Students wait outside Stikine Middle School.
(Sage Smiley / KSTK)

Wrangell’s public schools made masks optional a little more than a week ago. KSTK checked in with students and staff about what it’s been like to remove face coverings after nearly two years. 

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It’s a bright sort of overcast early Wednesday afternoon, and a small group of Wrangell middle-school students sit around an octagonal wooden table, eating lunch. Across the courtyard, there’s a student playing basketball with a mask on, but it’s the only mask in sight. 

“It feels weird, honestly,” says sixth-grader Peter Houser, “But it’s good. It feels like I have more freedom over what I’m doing.”

His classmate, Kailyn McCutcheon, agrees: “Very, very happy. Masks were so annoying. We have 15 minutes of movement during school, and we had to wear them still. And I would be like playing in the gym, and my face would be all sweaty. Not good.”

McCutcheon says that there are still people wearing masks around school, but the majority of her peers and teachers no longer are. 

“I feel like a lot of people are very excited about it and hope that they stay gone,” she said, “But some people think well, I need to stay protected. So they’re going to keep them on.”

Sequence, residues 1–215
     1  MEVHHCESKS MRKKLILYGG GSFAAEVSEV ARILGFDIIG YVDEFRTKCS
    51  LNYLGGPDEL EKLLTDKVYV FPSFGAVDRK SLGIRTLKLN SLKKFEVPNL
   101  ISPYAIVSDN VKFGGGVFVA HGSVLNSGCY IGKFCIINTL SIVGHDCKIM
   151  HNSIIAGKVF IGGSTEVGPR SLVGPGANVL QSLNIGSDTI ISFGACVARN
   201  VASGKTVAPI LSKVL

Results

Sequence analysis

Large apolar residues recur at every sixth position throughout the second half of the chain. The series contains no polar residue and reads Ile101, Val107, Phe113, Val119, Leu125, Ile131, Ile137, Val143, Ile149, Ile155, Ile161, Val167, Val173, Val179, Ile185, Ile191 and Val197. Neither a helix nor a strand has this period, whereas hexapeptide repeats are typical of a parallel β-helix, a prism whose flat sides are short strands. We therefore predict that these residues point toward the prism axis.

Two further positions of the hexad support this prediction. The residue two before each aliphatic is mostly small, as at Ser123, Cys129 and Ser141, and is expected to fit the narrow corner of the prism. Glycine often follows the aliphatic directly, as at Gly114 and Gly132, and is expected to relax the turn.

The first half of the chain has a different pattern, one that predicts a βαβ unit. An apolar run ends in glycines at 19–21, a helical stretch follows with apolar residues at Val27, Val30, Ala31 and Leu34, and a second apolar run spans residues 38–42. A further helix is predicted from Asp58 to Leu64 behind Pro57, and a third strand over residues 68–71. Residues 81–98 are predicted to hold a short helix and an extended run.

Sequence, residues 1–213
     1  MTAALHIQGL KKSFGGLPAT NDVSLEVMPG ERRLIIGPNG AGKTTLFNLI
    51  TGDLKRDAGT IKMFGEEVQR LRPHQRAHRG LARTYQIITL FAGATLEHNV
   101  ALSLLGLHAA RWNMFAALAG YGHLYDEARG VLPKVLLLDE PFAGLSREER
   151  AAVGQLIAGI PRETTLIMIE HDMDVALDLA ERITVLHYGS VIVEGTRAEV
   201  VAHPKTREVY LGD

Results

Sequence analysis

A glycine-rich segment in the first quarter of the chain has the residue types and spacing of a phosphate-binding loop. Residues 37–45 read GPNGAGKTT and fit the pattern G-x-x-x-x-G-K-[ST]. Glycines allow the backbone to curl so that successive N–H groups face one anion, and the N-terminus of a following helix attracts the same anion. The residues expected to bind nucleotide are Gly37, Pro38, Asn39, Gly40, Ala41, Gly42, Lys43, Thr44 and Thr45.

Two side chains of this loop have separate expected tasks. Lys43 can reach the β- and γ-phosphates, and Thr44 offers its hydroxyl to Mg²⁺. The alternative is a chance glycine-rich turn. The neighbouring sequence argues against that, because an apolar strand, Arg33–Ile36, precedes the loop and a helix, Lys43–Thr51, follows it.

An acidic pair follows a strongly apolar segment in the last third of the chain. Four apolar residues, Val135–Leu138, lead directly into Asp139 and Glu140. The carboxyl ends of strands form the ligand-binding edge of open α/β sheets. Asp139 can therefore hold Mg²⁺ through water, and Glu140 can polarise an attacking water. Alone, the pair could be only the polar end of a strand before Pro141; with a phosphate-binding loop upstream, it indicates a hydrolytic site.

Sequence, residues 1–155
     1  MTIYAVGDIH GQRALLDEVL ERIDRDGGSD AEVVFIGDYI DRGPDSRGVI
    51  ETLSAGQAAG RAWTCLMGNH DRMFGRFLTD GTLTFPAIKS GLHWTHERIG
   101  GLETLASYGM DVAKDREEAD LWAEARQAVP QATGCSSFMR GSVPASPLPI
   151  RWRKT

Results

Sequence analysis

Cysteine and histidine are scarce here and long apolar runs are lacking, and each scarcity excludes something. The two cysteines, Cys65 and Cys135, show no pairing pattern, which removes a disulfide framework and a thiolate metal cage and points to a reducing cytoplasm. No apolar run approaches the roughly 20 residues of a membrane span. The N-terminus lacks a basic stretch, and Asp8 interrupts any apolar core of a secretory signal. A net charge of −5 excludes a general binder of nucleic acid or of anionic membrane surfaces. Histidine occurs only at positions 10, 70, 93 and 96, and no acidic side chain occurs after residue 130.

It’s also been helpful in orchestra, she says: “I play the flute. So [now] I don’t have to cover my instrument, and I can see my fingers, which is really nice.”

Sixth-grader Susan Neff is also an orchestra student – she plays trumpet. And not having to mask? 

“Way better,” Neff says.

Neff, McCutcheon and Houser were all among the more than half of Wrangell’s student population that signed a petition asking for mask-wearing to become optional at Wrangell’s schools. 

“I was like, I’m done with masks,” Neff explains: “I spent fifth grade with masks. Two quarters of fourth grade, and I was just tired. You had your run, but no more.”

Secondary school administrator Bob Davis says there’s a sense of relief in the middle and high schools: “All the smiles we’re seeing –  it’s been a long time coming. Kids walking into a smile and then reaching for a mask and realizing that they don’t have to. I mean, that’s awesome.”

It’s not universal, Davis says. He says there are still students and staff members choosing to mask up – he estimated about 10% do – but it was hard to find anyone wearing a mask during a Wednesday (March 2) visit to campus. 

“For some of them [still wearing masks], they’re wearing it to protect other people,” Davis said. “We had several students that say [for] one of our more elderly employees, when they’re in her room, they’re going to wear masks to help protect her. And this is coming from the students, not from the teachers. We’ve seen a number of cases like that, so that we have kids that are wearing masks, and they’re getting support from other students. I think it shows a lot about our kids.”

Throughout the pandemic, Davis has repeatedly shared concerns about the mental and emotional toll of the pandemic on the district’s students. He says it made medical sense to slow the spread of the coronavirus.